Cyber War, Supply Chains, and Realism in Lithuania


Vilnius Summer School attendees (source: Vilnius Summer School)

For national security actors in Lithuania, Russia is a vital aspect of most conversations. In July 2019, co-editor Nick Robinson and myself attended a week-long cyber security course in Lithuania’s capital Vilnius. The event was organised by former serviceman Dr Erikas Kaukas, and energy security advisor Ms Jurgita Jakevičiūtė. Entitled ‘Digital Warfare on the Eastern front’, there could be no mistake that Russian cyber-operations would be the dominant topic of discussion.

A Story of Resistance

There was a recurring narrative we found when we spoke to politicians, NATO officers, cyber security experts, and even tour guides: Lithuania will not be occupied again.

Lithuanians understand themselves as an ancient people, who retained their pagan connection to the natural world by uniting together as a kingdom against crusading Teutonic Knights. It is important to understand Lithuanian history from the origins of the nation itself. The common narrative of Lithuania is that of a nation forged in the common defence of their homeland from foreign invasion. Over the centuries, Lithuania secured allies, and expanded to lands which now cover contemporary Estonia, Latvia, and Poland, and also formed a notable commonwealth of Poland and Lithuania, before being consumed by the Tsarist Russian empire of the 19th century. The nation came back into independent existence in the inter-war period, only to alternate between Soviet (1940-1941 and 1944-1991) and Nazi (1941-1944) control in the latter half of the 20th century, and eventually re-secured independence in the 1990’s. In 2004, Lithuania joined  both the European Union and NATO, signalling geopolitical alignment to ‘the West’.

Today, Lithuania finds itself in a vulnerable situation: Russia (and its ally Belarus) looms in the East, and squeezes Lithuania to the west with the Kaliningrad enclave (Fig.1). Authorities we spoke with emphasised that events in Georgia, Estonia, Ukraine, and more specifically Crimea, give good cause for Lithuania to be highly suspicious of Russia’s presence on both sides of their state. After the Crimean annexation of 2014, NATO re-vamped their commitment to Lithuanian sovereignty. The recurring narrative of ‘resisting domination’ manifests itself in a strategy of multifaceted national security, and one of the most interesting aspects have been tactics utilised in the cyber domain.


Fig 1. Russian enclave to the West of Lithuania, Belarus South-East, and Russia looming in the East (Source)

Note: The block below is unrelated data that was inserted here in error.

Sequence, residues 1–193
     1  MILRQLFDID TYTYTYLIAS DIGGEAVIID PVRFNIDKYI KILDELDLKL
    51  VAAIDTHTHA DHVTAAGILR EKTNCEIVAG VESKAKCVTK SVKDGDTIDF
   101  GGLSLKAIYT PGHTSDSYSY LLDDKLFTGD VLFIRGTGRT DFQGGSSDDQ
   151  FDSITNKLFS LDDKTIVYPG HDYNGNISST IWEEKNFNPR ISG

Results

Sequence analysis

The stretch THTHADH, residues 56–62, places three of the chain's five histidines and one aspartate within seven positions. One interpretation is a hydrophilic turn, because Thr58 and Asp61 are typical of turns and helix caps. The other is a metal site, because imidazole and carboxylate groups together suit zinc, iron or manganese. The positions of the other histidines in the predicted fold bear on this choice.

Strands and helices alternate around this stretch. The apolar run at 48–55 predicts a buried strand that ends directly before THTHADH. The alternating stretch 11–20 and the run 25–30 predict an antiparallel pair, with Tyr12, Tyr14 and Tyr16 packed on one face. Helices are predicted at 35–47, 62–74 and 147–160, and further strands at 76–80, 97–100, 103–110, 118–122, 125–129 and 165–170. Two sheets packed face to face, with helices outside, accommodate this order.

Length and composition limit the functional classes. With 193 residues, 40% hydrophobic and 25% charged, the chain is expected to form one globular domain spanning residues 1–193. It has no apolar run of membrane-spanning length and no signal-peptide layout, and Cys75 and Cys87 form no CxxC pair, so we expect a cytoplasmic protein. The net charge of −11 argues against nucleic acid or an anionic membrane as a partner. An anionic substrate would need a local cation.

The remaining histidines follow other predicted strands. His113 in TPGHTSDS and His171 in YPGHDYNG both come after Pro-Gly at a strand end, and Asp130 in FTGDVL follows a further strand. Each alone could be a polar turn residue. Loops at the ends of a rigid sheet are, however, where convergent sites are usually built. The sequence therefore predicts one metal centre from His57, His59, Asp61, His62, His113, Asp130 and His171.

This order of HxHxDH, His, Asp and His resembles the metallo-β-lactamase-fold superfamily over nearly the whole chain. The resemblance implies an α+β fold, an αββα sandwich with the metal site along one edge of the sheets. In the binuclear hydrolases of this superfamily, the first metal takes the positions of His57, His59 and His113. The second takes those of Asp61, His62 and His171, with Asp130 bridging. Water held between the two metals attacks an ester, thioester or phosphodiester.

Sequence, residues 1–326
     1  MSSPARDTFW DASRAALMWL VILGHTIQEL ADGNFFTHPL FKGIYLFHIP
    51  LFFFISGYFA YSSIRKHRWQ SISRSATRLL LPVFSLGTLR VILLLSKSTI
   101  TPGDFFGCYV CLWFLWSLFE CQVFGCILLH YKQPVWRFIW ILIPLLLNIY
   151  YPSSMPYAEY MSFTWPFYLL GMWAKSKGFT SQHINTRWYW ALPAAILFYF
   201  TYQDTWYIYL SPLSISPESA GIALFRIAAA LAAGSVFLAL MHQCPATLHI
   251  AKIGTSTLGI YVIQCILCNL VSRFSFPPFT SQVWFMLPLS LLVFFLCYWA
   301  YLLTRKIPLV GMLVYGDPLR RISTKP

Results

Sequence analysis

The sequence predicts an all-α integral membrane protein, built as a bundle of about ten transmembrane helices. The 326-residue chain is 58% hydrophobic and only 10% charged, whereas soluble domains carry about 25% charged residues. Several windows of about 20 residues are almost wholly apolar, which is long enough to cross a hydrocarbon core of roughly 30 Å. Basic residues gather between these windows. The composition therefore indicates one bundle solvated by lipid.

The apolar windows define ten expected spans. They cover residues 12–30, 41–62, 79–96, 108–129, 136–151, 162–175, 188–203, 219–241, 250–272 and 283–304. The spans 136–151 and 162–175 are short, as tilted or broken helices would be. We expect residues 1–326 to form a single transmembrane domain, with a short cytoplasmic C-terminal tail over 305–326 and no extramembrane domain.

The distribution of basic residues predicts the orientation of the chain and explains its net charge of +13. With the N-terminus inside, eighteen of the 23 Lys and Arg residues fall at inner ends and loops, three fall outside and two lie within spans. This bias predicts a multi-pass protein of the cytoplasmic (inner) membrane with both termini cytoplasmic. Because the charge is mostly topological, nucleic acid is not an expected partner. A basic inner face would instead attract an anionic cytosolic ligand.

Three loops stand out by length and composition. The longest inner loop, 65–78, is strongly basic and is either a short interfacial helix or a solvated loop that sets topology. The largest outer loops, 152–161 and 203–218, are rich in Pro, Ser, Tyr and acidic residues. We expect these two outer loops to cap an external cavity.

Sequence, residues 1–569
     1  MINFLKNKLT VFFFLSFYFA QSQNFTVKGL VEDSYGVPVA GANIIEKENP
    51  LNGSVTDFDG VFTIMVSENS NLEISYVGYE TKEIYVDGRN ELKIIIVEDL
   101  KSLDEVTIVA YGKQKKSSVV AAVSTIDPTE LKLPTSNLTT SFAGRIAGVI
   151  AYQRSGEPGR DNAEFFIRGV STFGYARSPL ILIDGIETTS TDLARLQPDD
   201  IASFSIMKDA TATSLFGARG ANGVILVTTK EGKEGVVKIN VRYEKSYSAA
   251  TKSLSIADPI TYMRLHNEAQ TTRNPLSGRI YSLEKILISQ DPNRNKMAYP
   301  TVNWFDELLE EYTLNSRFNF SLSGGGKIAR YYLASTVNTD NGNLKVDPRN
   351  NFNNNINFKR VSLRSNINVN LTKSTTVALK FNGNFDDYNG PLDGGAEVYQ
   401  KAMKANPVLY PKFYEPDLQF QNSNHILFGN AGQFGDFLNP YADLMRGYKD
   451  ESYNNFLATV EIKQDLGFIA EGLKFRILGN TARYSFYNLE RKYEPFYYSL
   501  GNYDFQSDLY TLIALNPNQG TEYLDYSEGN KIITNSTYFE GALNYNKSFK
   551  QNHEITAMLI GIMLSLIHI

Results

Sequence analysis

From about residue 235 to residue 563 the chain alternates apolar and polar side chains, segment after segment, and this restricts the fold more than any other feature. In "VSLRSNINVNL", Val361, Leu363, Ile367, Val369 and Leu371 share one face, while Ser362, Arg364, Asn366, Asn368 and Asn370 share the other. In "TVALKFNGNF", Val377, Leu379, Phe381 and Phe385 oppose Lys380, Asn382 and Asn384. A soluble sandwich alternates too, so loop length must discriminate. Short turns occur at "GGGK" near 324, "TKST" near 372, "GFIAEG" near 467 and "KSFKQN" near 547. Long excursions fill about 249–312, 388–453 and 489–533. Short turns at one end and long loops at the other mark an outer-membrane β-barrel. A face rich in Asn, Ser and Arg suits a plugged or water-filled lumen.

Realism About Russia

In geopolitics, ‘realism’ is a term that considers conflict to be an unavoidable fact of the world. As an ideology, it contains Darwinist elements of competition being ‘natural’, Machiavelli’s shrewdness of how one should view one’s enemies (summary: with great suspicion, and a plan for their demise), and Hobbesian elements of a population submitting their support to the sovereign who offers in return their safety and security. Realist scholars (which include the geographer Halford Mackinder) reference Thucydides, and his account of the 431 BC Peloponnesian War, to argue the patterns and behaviours of ‘inevitable conflict’ from the ancient world can be transposed and learnt from in the modern world. To realists, the Roman maxim resonates: ‘if you want peace, prepare for war’.

However one feels about realism as a concept, it is safe to say that realism towards Russia informs the political-military doctrine of Lithuania. During our visit, officials thematically communicated their realist doctrine through their narrative of national resistance against various oppressors. This script of resistance is a key aspect of  Lithuania’s ontological security, whereby particular actions and phrases become routine when their objective is to achieve feelings of self-security. Conflict with Russia is seen as an inevitable fact of Lithuania’s present and future existence, and their continuous efforts to secure cyberspace from daily cyberattacks and disinformation emanating from Russia provides regular vindication for their suspicions.

Digital War in Lithuania


Fig 2. Insignia for cyber security arm of the Ministry of National Defence (source)